This is our first of many alerts during 2017 as the new administration signals the rollback of many regulations (e.g., fiduciary rules and pay ratio). We will keep you posted.
In January 2017, the Internal Revenue Service ("IRS") released an updated Golden Parachute Payments Audit Technique Guide ("ATG") that covers the examination of golden parachutes under Internal Revenue Code ("IRC") Sections 280G and 4999.
Golden parachutes are arrangements that provide executives with significant financial compensation in the event of a change in ownership or control of the employer corporation. If a golden parachute is too rich, the executive may incur a 20% excise tax on "excess parachute payments" and the corporation may lose the corresponding tax deduction.
The golden parachute examination can occur during the audit of either the corporation's or the executive's return. ATGs are primarily referenced by IRS examiners; however, for corporations and executives with golden parachutes, the ATG contains helpful insight into the IRS's examination focus and techniques.
The 2017 Audit Technique Guide
The 2017 ATG is the first update released since the release of the IRS's initial 2005 ATG, and conforms the 2005 version to current tax code provisions and Securities and Exchange Commission filing requirements. The ATG includes: (1) an overview of the rules and the consequences of potential adjustments in the audit; (2) the documentation an IRS agent should review as background regarding a corporation's golden parachute payments; and (3) the nine steps involved in a parachute examination, including an examination flow chart.
The 2017 ATG expands and updates the list of documents for IRS examiners to review in connection with a golden parachute examination. The additional documents include:
- Information Statements (Schedules 14A and 14C). The schedules disclose information regarding golden parachute payments in connection with the solicitation for shareholders' approval. Additionally, any parachute payments actually made upon a change in control must be reported.
- Registration Statements (Forms S-4 and F-4). The Forms are used to provide information to investors when registering securities, and provide information related to mergers, acquisitions, or when securities are exchanged between companies.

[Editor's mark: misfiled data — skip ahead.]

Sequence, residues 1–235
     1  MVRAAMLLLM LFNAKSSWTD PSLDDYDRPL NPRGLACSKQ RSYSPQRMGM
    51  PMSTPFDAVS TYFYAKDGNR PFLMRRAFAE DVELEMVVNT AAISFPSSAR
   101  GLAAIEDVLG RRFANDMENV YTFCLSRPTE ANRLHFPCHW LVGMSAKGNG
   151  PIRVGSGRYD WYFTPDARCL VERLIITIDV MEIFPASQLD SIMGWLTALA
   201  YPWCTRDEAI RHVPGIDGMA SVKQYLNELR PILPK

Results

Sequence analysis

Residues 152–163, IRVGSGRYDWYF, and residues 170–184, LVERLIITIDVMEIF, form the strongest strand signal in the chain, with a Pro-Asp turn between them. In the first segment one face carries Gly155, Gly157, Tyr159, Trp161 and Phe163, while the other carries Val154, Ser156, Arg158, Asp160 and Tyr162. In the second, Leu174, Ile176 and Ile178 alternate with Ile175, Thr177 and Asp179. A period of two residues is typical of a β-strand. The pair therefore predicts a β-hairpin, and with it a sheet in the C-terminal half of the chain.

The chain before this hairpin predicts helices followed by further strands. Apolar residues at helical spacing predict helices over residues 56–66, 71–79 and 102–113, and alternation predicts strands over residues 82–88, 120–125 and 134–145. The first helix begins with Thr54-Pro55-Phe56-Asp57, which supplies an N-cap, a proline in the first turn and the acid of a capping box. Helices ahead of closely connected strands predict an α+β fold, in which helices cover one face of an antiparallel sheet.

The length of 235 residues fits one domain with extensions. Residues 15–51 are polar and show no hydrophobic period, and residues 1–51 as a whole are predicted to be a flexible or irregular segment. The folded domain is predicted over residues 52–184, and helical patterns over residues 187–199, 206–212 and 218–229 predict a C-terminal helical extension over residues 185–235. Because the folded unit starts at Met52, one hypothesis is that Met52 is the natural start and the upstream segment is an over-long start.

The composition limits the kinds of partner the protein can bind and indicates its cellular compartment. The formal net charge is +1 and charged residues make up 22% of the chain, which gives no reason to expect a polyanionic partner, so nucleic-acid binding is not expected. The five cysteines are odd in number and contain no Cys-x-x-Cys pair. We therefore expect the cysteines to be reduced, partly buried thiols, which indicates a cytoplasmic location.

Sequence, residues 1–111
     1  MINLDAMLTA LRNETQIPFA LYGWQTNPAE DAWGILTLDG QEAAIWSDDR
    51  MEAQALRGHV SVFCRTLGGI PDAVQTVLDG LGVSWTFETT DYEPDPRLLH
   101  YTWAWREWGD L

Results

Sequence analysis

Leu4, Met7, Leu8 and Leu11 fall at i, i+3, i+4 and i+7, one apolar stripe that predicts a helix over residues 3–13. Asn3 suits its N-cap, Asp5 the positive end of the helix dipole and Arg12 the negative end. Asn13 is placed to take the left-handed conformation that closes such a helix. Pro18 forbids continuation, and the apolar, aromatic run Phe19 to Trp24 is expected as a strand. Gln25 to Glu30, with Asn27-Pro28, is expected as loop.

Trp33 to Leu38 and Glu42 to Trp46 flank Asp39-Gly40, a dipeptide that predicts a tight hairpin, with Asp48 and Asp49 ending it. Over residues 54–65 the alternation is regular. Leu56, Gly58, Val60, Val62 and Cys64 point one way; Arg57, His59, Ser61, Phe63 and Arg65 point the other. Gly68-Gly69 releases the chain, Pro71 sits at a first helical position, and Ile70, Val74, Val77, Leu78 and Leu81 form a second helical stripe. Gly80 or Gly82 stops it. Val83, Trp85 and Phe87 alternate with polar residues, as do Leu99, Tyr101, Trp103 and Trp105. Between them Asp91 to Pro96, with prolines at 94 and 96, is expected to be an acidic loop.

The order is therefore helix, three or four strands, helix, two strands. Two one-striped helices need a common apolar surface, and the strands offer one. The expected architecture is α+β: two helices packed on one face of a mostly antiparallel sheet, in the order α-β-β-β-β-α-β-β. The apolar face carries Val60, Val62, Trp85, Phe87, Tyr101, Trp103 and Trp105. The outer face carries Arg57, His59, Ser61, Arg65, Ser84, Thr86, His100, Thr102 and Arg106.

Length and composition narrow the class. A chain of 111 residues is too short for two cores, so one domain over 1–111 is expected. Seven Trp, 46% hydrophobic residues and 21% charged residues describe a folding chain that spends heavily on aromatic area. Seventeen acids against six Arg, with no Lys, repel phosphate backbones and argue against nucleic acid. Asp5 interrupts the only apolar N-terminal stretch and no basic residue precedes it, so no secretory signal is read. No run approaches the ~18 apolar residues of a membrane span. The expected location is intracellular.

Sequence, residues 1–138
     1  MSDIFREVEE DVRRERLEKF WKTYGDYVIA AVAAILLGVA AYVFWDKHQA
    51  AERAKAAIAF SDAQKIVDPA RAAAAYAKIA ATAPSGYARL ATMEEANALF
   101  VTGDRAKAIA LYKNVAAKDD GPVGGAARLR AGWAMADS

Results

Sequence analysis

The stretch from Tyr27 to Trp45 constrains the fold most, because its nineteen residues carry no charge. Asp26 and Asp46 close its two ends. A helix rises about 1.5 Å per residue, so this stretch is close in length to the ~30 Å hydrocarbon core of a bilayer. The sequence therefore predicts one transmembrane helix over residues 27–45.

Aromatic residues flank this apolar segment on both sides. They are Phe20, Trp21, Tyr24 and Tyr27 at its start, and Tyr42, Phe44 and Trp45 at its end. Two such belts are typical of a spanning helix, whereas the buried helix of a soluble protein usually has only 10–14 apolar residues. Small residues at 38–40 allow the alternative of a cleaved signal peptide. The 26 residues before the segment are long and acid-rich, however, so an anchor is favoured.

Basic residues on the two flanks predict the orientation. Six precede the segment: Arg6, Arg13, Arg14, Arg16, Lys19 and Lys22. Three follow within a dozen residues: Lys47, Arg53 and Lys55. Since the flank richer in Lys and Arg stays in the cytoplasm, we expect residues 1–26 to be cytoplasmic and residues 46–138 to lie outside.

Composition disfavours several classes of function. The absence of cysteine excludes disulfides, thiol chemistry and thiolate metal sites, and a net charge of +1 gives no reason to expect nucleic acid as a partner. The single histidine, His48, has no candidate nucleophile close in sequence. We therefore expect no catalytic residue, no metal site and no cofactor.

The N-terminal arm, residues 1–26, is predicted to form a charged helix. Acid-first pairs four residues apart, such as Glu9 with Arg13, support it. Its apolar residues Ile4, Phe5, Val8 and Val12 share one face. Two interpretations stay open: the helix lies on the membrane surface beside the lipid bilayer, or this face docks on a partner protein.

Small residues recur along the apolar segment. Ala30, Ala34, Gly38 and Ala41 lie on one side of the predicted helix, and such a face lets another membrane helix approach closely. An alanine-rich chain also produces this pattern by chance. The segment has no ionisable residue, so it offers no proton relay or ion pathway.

The ATG also outlines the technical interplay between IRC Sections 162(m) and 280G. Under IRC Section 162(m), the $1 million limitation must be reduced by any amount of excess parachute payment paid.
For example, if the chief executive officer of a publicly held corporation receives a parachute payment in the amount of $2,000,000 from her company in the year it was being acquired, of which $200,000 was an excess parachute payment, the corporation would be (i) denied a deduction under IRC Section 280G for the $200,000 excess parachute payment and (ii) limited to a deduction under IRC Section 162(m) of $800,000 ($1,000,000-$200,000). The ATG notes, however, that the provision for reducing the $1 million limitation for the excess parachute payment may not apply if the executive of the target corporation is not a covered employee during the year of an acquisition. The rationale is that the target corporation will no longer exist and the executive's pay will not be reported in the proxy statement.
With respect to private corporations, which are often eligible for an exemption from IRC Section 280G, the revised examination flow chart suggests that the IRS may increase scrutiny of exemption eligibility.
Because the 2017 ATG was issued right before the current administration took office, it is unclear whether this revised ATG signals that the IRS will have an increased focus on IRC Section 280G issues in general.
The content of this article is intended to provide a general guide to the subject matter. Specialist advice should be sought about your specific circumstances.